Pre-conceptual care is best addressed in the community. Most community care associated with pregnancy and childbirth is a one-to-one between a woman and her GP. Women who are healthy may not go to their GP very often, so they may not have that connection. The national maternity strategy recommends an increased provision for community midwifery, not just in attending births, but having a community midwife in a doctor's practice. These midwives could engage with areas of society which are more difficult to engage with and which we know have poor engagements with health, with different women's groups and with different ethnic minority groups which may not have those close connections that perhaps women born in Ireland would have with their GP. The greater emphasis on community care and community midwifery care in the strategy could address this issue. In the UK, it is common to have a midwife in every GP's practice which we do not have here. Our GP practices are moving from practices with one GP to practices with several GPs and a midwife. There is an insurance issue there. It is possible to obtain insurance for a GP to have a practice nurse, but not necessarily a practice midwife. That is something that can be looked at.
Of the four witnesses here today, I was the only representative on the national maternity strategy steering committee. The steering committee was presented with a series of definitions and terms of reference. Looking at fertility and gynaecology was not within our remit. It was already presented to us de factoat the very first meeting that they would not be included. I am not certain as to the reasons, as they were beyond our deliberations.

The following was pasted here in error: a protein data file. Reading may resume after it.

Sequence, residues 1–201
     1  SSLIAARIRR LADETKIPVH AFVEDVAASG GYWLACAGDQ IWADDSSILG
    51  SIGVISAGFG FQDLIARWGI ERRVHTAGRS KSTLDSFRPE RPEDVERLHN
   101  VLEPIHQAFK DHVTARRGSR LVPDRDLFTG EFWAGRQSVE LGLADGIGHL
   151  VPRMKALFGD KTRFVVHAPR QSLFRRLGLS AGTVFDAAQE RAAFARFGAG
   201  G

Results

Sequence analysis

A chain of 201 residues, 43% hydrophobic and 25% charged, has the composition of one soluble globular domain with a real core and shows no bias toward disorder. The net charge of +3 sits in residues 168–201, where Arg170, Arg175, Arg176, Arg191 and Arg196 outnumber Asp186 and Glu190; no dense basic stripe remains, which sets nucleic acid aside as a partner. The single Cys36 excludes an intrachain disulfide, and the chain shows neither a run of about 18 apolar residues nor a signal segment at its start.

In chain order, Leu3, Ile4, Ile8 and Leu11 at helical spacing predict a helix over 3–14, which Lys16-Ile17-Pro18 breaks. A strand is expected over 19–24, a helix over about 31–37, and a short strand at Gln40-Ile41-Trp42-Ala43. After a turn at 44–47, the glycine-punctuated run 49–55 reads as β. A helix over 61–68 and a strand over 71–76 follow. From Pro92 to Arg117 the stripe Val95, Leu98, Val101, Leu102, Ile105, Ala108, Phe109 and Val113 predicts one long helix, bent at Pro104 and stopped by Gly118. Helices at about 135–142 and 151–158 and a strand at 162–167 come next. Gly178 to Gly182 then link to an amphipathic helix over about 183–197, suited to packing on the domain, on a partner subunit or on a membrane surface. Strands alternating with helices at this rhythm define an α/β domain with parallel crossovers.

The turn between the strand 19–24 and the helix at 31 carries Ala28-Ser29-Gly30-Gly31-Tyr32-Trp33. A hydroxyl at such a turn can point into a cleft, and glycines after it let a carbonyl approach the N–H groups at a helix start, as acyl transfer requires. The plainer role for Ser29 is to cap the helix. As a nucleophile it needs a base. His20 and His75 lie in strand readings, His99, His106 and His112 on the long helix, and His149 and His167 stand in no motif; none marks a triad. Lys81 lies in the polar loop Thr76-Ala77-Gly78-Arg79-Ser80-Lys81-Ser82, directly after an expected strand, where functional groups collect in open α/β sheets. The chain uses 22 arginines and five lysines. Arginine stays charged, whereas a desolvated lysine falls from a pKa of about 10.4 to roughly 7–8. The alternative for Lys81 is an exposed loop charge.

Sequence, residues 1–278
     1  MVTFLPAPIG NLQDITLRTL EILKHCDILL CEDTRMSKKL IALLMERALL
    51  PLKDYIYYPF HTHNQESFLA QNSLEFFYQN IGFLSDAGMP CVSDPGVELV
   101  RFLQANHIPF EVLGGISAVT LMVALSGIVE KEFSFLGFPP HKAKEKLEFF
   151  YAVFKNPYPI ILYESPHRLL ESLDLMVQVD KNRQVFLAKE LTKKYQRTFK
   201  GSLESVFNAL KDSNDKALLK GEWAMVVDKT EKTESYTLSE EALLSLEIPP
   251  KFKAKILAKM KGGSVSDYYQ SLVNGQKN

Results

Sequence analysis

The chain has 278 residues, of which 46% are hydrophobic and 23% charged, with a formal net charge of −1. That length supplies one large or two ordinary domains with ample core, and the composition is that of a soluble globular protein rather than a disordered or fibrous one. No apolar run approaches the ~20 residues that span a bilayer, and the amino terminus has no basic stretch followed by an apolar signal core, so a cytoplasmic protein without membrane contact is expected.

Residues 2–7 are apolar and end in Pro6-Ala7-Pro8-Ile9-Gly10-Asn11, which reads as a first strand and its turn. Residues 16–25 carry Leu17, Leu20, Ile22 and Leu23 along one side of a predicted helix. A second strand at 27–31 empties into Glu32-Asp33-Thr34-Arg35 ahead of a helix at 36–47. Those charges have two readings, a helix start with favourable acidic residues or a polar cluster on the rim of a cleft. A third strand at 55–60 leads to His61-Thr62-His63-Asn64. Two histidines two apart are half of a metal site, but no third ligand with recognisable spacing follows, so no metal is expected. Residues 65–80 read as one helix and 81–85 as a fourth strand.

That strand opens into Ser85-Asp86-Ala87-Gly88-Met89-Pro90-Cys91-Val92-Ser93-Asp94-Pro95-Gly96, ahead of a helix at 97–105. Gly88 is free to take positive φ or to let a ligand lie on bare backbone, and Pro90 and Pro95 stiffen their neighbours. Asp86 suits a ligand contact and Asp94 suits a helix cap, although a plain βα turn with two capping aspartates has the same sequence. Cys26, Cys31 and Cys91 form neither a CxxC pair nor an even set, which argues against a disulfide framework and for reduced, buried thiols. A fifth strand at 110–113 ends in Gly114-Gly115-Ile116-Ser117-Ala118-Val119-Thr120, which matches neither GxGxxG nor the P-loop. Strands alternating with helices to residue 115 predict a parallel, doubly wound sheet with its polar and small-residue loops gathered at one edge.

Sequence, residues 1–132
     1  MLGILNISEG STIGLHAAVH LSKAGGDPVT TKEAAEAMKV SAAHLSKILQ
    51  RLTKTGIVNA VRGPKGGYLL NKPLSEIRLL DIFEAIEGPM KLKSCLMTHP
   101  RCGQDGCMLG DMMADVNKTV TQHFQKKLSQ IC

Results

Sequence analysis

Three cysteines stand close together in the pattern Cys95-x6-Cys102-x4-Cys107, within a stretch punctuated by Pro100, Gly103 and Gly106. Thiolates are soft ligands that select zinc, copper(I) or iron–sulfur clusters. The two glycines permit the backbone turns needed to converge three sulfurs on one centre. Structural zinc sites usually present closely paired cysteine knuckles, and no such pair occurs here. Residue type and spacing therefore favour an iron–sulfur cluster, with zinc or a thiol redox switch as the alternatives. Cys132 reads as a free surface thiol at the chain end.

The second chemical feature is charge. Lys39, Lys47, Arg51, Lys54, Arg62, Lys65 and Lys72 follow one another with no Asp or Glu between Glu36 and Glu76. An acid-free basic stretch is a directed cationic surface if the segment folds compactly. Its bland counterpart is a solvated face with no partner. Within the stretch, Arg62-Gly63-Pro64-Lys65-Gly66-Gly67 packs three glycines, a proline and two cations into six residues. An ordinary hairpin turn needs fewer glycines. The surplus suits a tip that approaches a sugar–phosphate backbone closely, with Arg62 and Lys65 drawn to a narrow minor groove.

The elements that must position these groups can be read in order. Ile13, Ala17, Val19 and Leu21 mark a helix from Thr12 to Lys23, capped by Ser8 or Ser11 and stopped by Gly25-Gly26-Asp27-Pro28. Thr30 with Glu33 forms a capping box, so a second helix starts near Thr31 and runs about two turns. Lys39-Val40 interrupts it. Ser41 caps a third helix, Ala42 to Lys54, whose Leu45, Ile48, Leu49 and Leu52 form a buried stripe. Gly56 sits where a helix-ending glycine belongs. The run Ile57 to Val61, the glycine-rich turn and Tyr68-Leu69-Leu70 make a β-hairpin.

Professor Kenny has alluded to the fact that a scan is a choice.
Not every woman chooses to have a scan. Not every woman would choose to have an early first trimester scan to find out if there were any issues associated with the pregnancy and not every woman would choose to have an anomaly scan where she has an opportunity to have one, so we always have to bear in mind that not everybody necessarily wants to know. Even though we, as advocates, or the medical profession may think it is unusual, some women do not want to know.
I first came across scans, and issues associated with scans, in the miscarriage and misdiagnosis furore that erupted in 2010 where we started to see that there was great inequity in terms of scans, scanning equipment and the ability to understand and diagnose things from scans. My understanding is that our capacity in that area in terms of training has unquestionably improved and that when the capacity is there to actually perform the scans we have the expertise, as Professor Kenny said. We have adopted things like early pregnancy assessment units where women who are perhaps experiencing question marks around their pregnancy do not have to sit in the same area as women who are having a full term, happy pregnancy, if one likes, so we have those issues.
On the questions associated with abortion, we have reports about first trimester scans where women feel that in certain units they are not being offered a foetal scan, an early scan, but I do not think that is really the case for the second trimester scan.